Les: I do still love my Buck knife – but I grind down the tip to make it less pointy. But I have been given a lot of knives over the while and enjoy them all.
Q: What kind of artifacts (arrowheads, primitive tools, etc.) have you found while filming or hiking?
Les: Flint knapping, hammer stones, deadfall rocks and fishing weights so far.
Q: Hi Les LOVE your show. Keep up the good work. I was just wondering how you pick locations for your show or do you just throw a dart at the map of the world?
Les: I think about the various eco systems – what I could teach and where – balance that with logistical reality and where I personally would really like to go.
Q: In two (I think) of your episodes you use a Swiss Army knife, and in the other episodes you use various multi-tools. Any reason why? Or do you just like to try different things.
Les: Yes – was just trying different things – but I still love the Leatherman.
Q: Les, if you get sick from being malnourished or in the heat or whatever the case may be, is that something you edit out?
Les: Absolutely not.
Q: With no sunscreen as in the Belize experience, does he get sunburned?
Les: Yes – and sometimes very badly as I did in Belize.
Q: Also, and this is gross, but when Les is in the Baltic artic circle, and has to go to the bathroom i.e. To take a dump, where does he go and what does he do? When its 40 degrees below zero, it has to be tough. I love the show.
Les: In most places I prescribe to the ‘cat hole’ technique – dig down in a little and bury it.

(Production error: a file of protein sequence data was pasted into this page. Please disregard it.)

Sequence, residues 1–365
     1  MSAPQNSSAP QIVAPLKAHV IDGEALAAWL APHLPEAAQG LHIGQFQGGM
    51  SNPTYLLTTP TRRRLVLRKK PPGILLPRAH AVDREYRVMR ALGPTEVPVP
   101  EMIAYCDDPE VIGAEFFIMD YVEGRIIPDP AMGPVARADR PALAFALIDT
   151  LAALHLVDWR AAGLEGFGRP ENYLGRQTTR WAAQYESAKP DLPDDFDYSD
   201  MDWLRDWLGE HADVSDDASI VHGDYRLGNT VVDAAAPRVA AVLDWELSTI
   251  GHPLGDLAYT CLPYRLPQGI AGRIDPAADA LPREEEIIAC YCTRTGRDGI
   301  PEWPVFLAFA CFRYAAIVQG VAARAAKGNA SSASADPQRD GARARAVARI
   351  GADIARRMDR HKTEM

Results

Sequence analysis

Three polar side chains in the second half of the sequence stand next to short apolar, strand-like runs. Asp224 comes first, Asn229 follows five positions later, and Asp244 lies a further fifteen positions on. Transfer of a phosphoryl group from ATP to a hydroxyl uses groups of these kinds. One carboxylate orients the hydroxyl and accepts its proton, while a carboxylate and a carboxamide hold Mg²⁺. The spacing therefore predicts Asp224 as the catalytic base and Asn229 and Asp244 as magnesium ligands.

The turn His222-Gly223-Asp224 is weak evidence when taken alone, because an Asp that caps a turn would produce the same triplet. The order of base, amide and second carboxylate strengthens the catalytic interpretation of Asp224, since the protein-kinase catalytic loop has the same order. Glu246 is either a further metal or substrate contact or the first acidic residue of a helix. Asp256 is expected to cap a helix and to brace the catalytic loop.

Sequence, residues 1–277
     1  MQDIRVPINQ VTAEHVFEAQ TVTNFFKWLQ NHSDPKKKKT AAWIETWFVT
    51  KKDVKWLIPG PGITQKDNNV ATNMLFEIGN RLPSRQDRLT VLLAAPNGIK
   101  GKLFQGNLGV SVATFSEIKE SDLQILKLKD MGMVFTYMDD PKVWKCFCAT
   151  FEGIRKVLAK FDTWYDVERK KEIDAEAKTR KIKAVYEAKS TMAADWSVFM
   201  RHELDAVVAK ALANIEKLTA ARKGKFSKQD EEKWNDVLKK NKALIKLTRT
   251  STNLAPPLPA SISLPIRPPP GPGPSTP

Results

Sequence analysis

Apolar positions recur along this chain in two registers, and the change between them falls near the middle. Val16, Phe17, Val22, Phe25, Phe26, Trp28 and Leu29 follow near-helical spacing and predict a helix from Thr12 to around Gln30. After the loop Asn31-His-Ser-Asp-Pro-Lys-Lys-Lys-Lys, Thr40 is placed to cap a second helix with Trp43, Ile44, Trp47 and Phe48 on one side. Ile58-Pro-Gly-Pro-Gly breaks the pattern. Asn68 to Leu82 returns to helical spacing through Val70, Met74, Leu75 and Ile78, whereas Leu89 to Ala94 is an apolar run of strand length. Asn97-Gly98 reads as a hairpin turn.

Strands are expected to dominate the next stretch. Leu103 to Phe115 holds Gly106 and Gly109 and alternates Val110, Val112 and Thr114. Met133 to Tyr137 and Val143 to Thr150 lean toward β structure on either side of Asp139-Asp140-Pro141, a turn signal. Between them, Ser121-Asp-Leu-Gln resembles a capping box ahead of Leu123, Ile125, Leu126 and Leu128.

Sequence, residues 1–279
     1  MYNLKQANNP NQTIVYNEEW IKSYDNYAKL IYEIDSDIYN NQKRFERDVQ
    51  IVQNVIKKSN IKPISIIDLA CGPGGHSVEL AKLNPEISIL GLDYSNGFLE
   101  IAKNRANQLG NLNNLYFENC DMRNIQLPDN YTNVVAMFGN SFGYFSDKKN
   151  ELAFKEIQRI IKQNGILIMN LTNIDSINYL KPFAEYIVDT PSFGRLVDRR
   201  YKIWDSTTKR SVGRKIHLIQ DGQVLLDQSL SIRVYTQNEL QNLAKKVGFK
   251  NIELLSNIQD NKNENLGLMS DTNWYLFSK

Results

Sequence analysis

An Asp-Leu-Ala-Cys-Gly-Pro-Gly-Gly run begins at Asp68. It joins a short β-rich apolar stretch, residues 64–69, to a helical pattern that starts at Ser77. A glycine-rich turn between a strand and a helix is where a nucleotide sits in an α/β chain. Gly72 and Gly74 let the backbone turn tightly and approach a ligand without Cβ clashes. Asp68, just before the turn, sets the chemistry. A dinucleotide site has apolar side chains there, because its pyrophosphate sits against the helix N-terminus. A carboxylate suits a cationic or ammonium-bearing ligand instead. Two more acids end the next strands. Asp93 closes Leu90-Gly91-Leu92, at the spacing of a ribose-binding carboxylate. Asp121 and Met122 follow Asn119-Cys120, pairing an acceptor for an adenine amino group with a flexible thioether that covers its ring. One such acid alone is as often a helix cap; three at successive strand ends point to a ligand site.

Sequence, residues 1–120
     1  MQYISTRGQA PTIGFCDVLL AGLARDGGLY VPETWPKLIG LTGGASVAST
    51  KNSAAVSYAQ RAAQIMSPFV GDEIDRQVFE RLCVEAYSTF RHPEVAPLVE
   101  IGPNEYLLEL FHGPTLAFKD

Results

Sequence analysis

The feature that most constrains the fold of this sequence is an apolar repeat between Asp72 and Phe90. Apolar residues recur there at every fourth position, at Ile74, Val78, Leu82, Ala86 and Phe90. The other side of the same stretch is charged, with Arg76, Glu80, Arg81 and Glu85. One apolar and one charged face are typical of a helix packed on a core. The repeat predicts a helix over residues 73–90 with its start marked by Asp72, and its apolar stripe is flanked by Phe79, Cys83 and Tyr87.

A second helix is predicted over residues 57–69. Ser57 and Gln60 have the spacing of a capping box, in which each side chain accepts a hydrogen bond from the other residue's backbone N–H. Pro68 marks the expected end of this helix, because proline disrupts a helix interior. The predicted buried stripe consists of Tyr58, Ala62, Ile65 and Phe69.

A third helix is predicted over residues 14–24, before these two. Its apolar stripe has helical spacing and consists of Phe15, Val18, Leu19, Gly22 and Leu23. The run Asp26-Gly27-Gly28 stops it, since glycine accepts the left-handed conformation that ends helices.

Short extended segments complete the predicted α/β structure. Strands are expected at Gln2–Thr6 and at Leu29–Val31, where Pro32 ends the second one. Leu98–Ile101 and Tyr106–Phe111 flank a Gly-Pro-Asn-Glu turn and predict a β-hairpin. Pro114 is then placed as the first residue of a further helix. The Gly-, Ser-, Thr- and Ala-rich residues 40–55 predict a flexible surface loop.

Q: Ok this may be strange but I have been searching for the hat that Les wore on the Lost at Sea episode. You know, the straw one, with the side that is flipped upwards. He wore it on the beach…what is it called? If you know the name, please tell me, I want a hat like that.
Les: Hmmmm – I can’t remember-was a buck or two in Belize at some side shop.
Q: Have you seen any ecological and environmental changes since you have been out in the wilderness, esp. in the Canadian North?
Les: What I get is constant comments from locals about how things are changing rapidly – usually warming or drying up.
Q: What is your favorite fire starting technique? Love the show.
Les: Flint striker using spark only with whatever natural tinder I can find.
Q: What is your favorite location for season two and why? Cheers Les
Les: The Amazon….it was a profoundly moving experience to be involved with the Waorani people.
Q: In the season two episodes you were always carrying a sheath knife. What made you want to bring it along with your multi-tool?
Les: To simply allow a few different skills
Q: Did you get chiggers really bad when you used Spanish moss for bedding in the Georgian Swamps?
Les: I didn’t get them at all luckily.
Q: Would you prefer to be taught by a local expert or a native tribesman?
Les: I would prefer to be taught by someone who loves and lives the skills regardless of race, creed or colour.
Q: Which Swiss Army knife did you use on the Georgian Swamp episode? (For example: Hunter, swiss champ, explorer, etc). Thanks Les.
Les: Probably a standard swiss.
Q: Les how did you learn about the prison match?
Les: One of my survival consultants Mike Kiraly – brought that one to my attention – it’s a good trick – prisoners would often find themselves out of fuel – yet still had the spark of course….necessity is the mother of invention.
Q: What courses did you (specifically) take? What were they called?
(The one in Ontario with David Arama I think). Thanks Les!